Rodney Campbell's Blog

Nikon D600 First Impressions, Discoveries…

by on Oct.13, 2012, under Life, Photography

Nikon D600 – I’ve recently upgraded from my crop sensor (DX) Nikon D7000 to a full frame (FX) Nikon D600 D-SLR. Now that I’ve had a chance to go through all the menus and play with the camera for a bit and set it up for my shooting style, I can give some first impressions, list some neat things I’ve discovered and compare it to my D7000.

As I have only taken it out for one serious real world shooting session (and havn’t yet looked at any images) I won’t comment about things like image quality, ISO or low light performance, long term in the field real world handling and use and so on until I have. I’ll post a follow up review covering those sorts of things when I’ve had enough time with the camera.

Given that until now I’ve only shot with DX cameras (D90 and D7000) my view is going to be somewhat skewed and compared to what I know. I will talk briefly about some things I’m aware of relative to existing Nikon FX cameras however most of the detail here will be for a Nikon DX (and mostly a D7000) user upgrading to a D600.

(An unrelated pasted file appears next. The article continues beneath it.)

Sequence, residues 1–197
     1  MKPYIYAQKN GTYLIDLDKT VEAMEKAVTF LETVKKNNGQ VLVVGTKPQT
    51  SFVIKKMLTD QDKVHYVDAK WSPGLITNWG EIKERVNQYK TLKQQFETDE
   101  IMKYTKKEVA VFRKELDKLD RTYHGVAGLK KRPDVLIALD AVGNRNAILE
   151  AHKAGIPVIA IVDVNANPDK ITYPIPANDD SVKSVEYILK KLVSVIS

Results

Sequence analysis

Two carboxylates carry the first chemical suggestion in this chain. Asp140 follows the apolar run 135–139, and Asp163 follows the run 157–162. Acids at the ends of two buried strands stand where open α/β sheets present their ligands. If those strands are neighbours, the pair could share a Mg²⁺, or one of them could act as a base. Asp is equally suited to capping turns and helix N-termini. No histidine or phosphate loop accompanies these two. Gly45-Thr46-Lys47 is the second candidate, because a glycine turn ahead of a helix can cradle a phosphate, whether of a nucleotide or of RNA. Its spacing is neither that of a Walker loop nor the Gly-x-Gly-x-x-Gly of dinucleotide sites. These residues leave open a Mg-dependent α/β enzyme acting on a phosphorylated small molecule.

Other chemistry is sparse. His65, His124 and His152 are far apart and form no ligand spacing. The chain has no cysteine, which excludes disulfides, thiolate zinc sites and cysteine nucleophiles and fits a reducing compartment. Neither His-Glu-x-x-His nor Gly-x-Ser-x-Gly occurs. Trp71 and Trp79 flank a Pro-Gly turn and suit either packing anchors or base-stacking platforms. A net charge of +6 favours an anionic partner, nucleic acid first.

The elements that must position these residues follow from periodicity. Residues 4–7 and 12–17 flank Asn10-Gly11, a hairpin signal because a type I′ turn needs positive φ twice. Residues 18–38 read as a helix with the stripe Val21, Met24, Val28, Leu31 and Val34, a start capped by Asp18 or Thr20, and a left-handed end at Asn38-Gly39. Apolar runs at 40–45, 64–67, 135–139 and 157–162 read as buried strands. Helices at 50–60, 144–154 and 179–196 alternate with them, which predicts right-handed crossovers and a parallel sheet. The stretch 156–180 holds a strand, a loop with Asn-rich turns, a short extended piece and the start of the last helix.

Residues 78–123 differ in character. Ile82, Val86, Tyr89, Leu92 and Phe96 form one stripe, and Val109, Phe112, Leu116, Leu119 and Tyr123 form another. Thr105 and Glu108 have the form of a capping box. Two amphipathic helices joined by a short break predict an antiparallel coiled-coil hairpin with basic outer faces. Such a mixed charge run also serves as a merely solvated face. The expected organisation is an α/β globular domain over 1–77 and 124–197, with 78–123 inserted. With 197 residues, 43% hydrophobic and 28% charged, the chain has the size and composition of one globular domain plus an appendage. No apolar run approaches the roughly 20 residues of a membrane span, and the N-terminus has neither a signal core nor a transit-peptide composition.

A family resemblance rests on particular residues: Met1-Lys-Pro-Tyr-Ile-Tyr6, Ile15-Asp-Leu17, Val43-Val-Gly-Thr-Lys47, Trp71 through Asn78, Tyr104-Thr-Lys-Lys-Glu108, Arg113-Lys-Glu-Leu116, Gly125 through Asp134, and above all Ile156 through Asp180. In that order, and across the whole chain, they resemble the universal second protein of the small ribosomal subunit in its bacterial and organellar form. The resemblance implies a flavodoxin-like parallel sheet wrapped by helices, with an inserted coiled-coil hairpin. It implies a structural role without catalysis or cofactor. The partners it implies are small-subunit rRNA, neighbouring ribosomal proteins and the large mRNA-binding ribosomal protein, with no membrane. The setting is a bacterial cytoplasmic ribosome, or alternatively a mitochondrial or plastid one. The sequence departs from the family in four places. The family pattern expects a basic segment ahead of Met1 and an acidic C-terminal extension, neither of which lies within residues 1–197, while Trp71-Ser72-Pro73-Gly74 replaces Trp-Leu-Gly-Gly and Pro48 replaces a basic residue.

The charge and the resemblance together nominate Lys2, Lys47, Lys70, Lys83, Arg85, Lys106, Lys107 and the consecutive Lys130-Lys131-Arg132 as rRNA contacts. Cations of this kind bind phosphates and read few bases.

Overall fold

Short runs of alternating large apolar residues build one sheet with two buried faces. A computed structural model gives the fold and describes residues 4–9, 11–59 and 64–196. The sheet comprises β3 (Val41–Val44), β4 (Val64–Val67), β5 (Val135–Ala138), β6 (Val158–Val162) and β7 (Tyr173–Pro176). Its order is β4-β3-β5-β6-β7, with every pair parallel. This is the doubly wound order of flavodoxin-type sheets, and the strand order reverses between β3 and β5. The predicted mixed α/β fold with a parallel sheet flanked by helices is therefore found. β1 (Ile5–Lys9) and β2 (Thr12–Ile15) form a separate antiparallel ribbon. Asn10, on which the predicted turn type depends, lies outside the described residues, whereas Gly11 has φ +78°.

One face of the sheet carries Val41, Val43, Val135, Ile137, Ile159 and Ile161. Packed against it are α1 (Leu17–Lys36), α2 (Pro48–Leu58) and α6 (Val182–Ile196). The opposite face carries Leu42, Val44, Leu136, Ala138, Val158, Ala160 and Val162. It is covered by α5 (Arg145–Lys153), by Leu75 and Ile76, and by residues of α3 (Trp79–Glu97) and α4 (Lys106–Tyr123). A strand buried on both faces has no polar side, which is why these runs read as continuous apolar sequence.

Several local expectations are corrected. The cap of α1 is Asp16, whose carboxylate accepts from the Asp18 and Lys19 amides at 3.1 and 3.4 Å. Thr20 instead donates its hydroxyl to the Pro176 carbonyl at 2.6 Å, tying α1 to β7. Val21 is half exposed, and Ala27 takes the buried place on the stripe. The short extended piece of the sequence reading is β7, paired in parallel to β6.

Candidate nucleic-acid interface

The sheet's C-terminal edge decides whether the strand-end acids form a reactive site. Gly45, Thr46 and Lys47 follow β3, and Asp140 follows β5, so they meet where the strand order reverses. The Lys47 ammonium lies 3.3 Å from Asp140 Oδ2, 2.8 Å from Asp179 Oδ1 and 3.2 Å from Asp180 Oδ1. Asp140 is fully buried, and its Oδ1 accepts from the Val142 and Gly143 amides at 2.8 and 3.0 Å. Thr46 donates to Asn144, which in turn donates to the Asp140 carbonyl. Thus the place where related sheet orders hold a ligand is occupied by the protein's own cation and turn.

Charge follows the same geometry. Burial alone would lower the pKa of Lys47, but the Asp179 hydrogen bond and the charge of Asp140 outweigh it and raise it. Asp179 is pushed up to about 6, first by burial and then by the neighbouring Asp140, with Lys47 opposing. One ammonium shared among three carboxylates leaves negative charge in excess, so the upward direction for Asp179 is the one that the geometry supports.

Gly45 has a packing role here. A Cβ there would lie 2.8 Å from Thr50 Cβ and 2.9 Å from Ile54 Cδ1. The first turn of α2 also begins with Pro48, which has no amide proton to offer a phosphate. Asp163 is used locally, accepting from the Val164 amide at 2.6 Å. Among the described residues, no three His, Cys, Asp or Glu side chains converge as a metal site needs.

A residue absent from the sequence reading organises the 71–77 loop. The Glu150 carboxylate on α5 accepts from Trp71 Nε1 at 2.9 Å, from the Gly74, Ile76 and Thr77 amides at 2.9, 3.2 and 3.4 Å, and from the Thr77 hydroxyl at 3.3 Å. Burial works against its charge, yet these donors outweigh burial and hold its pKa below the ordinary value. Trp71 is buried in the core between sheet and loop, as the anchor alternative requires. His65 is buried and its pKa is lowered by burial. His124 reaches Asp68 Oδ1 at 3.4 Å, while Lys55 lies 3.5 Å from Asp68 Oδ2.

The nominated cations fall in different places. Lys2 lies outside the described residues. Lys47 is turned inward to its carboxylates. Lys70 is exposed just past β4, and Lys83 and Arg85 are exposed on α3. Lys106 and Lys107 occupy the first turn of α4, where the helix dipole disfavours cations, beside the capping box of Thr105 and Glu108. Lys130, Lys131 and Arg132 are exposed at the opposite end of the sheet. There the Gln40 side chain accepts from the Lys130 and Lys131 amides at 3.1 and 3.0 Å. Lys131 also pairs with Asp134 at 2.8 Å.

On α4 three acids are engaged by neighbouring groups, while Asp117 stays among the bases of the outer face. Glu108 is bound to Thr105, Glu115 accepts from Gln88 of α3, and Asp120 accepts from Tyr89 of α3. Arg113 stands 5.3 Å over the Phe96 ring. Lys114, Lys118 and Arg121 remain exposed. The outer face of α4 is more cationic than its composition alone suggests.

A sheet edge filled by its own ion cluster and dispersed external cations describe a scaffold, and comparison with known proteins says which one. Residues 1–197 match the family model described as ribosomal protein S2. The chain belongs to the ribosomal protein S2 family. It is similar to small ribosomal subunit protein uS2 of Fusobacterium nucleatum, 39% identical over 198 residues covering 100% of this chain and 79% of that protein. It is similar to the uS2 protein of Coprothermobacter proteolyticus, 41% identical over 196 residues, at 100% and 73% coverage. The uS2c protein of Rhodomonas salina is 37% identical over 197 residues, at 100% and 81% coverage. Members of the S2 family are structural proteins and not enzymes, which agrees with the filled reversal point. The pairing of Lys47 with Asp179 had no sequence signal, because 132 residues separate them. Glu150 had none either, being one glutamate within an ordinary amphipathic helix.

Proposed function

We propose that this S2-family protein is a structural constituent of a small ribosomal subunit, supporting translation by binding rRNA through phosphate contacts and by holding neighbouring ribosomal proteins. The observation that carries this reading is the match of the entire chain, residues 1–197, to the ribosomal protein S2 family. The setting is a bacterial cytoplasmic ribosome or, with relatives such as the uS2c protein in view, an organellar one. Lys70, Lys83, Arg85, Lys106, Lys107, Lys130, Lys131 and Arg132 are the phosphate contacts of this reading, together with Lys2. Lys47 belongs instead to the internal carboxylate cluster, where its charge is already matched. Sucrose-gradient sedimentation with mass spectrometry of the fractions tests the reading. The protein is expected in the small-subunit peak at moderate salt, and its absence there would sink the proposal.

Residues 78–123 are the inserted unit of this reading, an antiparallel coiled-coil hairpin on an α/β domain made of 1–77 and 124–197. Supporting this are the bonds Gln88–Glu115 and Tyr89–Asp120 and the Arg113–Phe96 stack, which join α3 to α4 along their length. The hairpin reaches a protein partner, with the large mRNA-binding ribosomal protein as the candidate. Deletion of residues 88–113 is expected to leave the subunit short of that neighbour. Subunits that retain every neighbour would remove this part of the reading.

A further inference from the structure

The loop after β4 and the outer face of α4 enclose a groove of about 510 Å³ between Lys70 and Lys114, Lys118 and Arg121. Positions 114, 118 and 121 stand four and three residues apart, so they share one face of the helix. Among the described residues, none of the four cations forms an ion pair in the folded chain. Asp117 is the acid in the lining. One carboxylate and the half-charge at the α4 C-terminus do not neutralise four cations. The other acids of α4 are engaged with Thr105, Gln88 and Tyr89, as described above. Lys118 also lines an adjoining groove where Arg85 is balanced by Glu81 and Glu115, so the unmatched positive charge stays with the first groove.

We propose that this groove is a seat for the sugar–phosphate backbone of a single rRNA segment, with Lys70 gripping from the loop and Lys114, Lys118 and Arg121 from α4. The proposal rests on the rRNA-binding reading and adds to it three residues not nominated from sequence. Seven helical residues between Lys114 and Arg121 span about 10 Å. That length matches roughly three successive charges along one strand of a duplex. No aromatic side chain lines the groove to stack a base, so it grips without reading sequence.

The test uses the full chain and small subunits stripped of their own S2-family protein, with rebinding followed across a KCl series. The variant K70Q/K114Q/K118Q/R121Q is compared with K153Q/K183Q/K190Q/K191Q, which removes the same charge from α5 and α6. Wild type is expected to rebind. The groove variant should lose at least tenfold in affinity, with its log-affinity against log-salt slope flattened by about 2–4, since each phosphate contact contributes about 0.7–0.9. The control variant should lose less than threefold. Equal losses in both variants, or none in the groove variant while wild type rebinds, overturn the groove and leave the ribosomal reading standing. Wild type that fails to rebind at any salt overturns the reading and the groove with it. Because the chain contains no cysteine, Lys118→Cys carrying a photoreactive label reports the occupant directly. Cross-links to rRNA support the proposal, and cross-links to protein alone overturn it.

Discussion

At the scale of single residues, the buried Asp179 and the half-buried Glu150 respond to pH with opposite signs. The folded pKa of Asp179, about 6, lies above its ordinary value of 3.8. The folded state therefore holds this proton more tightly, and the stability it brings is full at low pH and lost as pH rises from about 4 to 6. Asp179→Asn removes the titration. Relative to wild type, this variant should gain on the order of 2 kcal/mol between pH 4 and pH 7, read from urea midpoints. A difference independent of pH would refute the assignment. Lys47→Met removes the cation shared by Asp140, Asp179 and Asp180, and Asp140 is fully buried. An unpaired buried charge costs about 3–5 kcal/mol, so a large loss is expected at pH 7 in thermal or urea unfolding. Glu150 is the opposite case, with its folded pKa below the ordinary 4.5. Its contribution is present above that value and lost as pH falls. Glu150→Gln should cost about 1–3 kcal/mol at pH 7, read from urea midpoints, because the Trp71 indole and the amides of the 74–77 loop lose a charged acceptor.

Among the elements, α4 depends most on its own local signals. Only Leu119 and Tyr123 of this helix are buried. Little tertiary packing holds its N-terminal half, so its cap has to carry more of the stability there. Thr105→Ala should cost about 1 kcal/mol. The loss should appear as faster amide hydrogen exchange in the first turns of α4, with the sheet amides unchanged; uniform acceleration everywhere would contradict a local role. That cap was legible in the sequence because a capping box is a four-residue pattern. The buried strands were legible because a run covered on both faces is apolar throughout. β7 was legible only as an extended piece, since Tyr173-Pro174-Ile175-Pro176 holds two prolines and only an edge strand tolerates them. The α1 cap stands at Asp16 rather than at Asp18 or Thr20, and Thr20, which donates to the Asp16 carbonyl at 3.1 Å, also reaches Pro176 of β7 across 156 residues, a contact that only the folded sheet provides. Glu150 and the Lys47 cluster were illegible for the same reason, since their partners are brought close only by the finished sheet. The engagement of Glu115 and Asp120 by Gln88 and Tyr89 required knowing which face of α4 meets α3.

Things to know from a DX (D7000) users perspective:

The overall user experience and handling is very familiar – D7000 users especially will have absolutely no problem adjusting

The viewfinder is big – I guess it’s stating the obvious that being an FX sensor the image area is more than twice as large but… nice…

The QUAL/Zoom-In and ISO/Zoom-Out hard buttons on the bottom left of the back LCD have been swapped around – presumably to make the more frequently used ISO button easier to get to whilst looking through the viewfinder – I think overall this is a good thing but I’ll have to get used to hitting the second button up instead of the bottom one when zooming in on Image review

The Fn and DoF Preview buttons on the front are swapped around (Fn at bottom and Preview at top) – I assume this is actually the norm on Pro bodies and is the other way around on consumer bodies (D7000 and below) – the buttons are fully programmable on the D7000 & D600 so I just made the D7000 the same as the D600 now. It took no time at all to get used to the new positions

It’s only slightly larger and heavier than the D7000 but it feels more solid and beefy in the hand, the right side in particular around the grip is larger and deeper on both the front and back (much more like the D800) and of course the mirror box portion at the top of the camera is larger to accomodate the larger viewfinder prism, etc